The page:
Optimize your Internet connection (CenturyLink)

By making changes to a few small things, like your browser settings, modem settings, and wireless equipment, you can improve your connection speed and surf the Internet faster.

First, start with a speed test to see if your connection is lagging. Read How to troubleshoot a slow Internet connection” for step-by-step instructions on how to do this.

Check your DSL filters

They’re the most likely reason you’re experiencing problems. Filters are required for DSL service. They keep the signal clear and strong. If they’re installed wrong, damaged or missing, your signal will be compromised. For more information, read “Internet & Phone Working Together with Filters.” If you need filters, chat with us to order more, or you can purchase them from most electronics stores.

Remove electronic interference and physical barriers

his suggestion is particularly important if you’re using a wireless connection. Microwaves, cell phones, baby monitors, large furniture and much more can slow down a wireless signal. To improve your speed, be aware of possible sources of interference in your home and make the necessary changes. Read “Improve the performance of your wireless connection” to learn what you need to do.

Manage your browser

Delete your browser’s temporary files (e.g., history, cache, cookies)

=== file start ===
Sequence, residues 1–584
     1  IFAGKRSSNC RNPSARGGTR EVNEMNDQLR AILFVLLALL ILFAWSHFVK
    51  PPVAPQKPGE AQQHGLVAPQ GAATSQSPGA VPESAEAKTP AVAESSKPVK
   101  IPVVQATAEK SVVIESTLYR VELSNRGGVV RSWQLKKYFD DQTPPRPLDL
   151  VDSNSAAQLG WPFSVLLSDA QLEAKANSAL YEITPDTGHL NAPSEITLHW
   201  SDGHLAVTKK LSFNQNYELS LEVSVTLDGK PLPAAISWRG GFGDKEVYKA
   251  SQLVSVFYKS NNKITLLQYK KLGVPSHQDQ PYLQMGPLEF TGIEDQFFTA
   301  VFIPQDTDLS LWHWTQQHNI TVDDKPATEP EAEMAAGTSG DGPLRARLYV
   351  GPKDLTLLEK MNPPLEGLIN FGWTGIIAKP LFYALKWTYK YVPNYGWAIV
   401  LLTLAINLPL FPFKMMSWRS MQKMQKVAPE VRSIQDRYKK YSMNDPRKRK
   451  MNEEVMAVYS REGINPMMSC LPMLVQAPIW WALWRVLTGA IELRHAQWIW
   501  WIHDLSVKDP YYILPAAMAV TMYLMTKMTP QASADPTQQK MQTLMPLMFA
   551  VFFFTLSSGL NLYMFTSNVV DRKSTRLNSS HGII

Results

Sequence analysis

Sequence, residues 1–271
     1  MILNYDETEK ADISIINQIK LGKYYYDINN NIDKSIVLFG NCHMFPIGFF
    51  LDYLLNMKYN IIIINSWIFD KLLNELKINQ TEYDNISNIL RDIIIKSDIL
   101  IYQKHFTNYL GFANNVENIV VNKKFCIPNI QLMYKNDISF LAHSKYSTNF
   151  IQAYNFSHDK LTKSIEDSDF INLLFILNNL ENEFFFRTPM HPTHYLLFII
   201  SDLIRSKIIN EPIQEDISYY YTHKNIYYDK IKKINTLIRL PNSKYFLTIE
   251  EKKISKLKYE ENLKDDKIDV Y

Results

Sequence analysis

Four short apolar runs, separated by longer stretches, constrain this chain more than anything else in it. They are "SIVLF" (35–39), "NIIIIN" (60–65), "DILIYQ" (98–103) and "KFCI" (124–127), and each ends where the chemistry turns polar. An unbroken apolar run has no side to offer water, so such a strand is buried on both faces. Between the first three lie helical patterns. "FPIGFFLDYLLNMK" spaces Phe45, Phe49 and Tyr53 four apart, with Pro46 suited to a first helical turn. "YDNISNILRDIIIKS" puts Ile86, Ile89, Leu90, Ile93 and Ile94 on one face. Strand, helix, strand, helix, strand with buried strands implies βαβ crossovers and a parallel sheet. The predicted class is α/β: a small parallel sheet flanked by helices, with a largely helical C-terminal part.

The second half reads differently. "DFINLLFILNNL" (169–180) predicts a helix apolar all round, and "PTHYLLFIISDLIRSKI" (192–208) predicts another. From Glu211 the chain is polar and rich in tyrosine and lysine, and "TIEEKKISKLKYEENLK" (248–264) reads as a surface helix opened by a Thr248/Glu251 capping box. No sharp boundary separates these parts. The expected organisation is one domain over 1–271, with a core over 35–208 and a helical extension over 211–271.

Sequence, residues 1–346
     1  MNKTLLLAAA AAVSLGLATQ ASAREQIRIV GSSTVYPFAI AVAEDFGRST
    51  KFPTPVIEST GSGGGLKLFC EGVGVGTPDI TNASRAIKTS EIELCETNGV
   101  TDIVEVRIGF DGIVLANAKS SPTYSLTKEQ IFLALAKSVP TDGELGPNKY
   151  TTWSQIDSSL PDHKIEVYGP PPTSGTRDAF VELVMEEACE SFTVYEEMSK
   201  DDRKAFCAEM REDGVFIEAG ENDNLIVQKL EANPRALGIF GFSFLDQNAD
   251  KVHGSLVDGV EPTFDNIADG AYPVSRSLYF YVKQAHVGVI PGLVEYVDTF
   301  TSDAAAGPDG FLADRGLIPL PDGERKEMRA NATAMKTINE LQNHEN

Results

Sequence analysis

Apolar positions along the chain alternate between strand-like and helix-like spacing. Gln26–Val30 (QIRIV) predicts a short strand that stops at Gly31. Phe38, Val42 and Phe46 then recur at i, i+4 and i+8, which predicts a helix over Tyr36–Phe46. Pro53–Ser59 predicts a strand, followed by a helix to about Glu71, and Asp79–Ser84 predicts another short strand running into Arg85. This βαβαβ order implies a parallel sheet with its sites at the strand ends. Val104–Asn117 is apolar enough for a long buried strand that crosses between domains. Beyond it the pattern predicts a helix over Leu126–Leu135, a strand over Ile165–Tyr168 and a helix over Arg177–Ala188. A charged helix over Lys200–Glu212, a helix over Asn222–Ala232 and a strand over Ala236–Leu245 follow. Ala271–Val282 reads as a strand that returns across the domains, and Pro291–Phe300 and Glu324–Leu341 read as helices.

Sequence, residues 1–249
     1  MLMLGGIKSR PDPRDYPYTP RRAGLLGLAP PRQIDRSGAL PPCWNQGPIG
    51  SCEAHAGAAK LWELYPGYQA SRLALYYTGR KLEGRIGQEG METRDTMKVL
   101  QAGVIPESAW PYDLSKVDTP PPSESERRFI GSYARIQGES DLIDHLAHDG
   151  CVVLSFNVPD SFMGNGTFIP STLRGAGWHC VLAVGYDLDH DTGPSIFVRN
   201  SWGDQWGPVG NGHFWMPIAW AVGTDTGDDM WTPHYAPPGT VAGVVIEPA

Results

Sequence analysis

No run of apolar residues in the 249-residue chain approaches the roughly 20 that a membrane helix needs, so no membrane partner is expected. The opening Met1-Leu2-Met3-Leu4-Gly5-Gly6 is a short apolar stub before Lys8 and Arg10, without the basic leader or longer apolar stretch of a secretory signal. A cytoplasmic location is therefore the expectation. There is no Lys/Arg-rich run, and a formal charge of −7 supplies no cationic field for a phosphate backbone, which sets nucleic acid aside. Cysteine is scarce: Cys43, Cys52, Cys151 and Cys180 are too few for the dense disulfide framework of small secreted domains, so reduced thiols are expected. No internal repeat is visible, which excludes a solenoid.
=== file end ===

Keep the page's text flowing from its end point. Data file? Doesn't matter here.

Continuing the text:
These exist so your browser doesn’t have to keep downloading the same content over and over again, but they take up hard disk space, storing graphics and data for sites that you may never visit again. How to clear your temporary files (or cache) varies from browser to browser. However, many browsers have a Tools menu, and you can find a button to delete temporary files under Options. If this isn’t true for your browser, go to its Help section for guidance.

Tip: Browsers typically give you the option to delete your passwords and web form data. You don’t need to delete this information, unless you want to. If you do delete it, you’ll need to re-enter your passwords and form data the first time you visit web pages.

Turn off your browser’s plug-ins, add-ons and extensions

If you’ve ever used JavaScript, Flash, QuickTime, Adobe Reader, Adblock Plus, Silverlight, Windows Media Player, Real Audio Player, WinAmp or Firebug, you’ve used a plug-in, add-on and/or extension. These little gems make browsers more fun and productive, allowing you to customize your experience to suit your particular needs, but they also can be bandwidth intensive. If you don’t need them, disable them and improve your surfing speed.

Did you know?

  • While disabling JavaScript almost certainly will speed up your browsing, some sites (e.g., Twitter, YouTube) won’t work without it so… there are trade-offs. However, some providers (e.g., Gmail) use lots of JavaScript but also let you open their sites in “basic HTML” mode.
  • Sometimes when you install a program, it can change your browser settings — adding extensions, changing your home page, picking a new default search engine — without you knowing it. Then, later, you notice your browser acting odd and wonder why. If you think you might be experiencing this, try resetting your browser settings.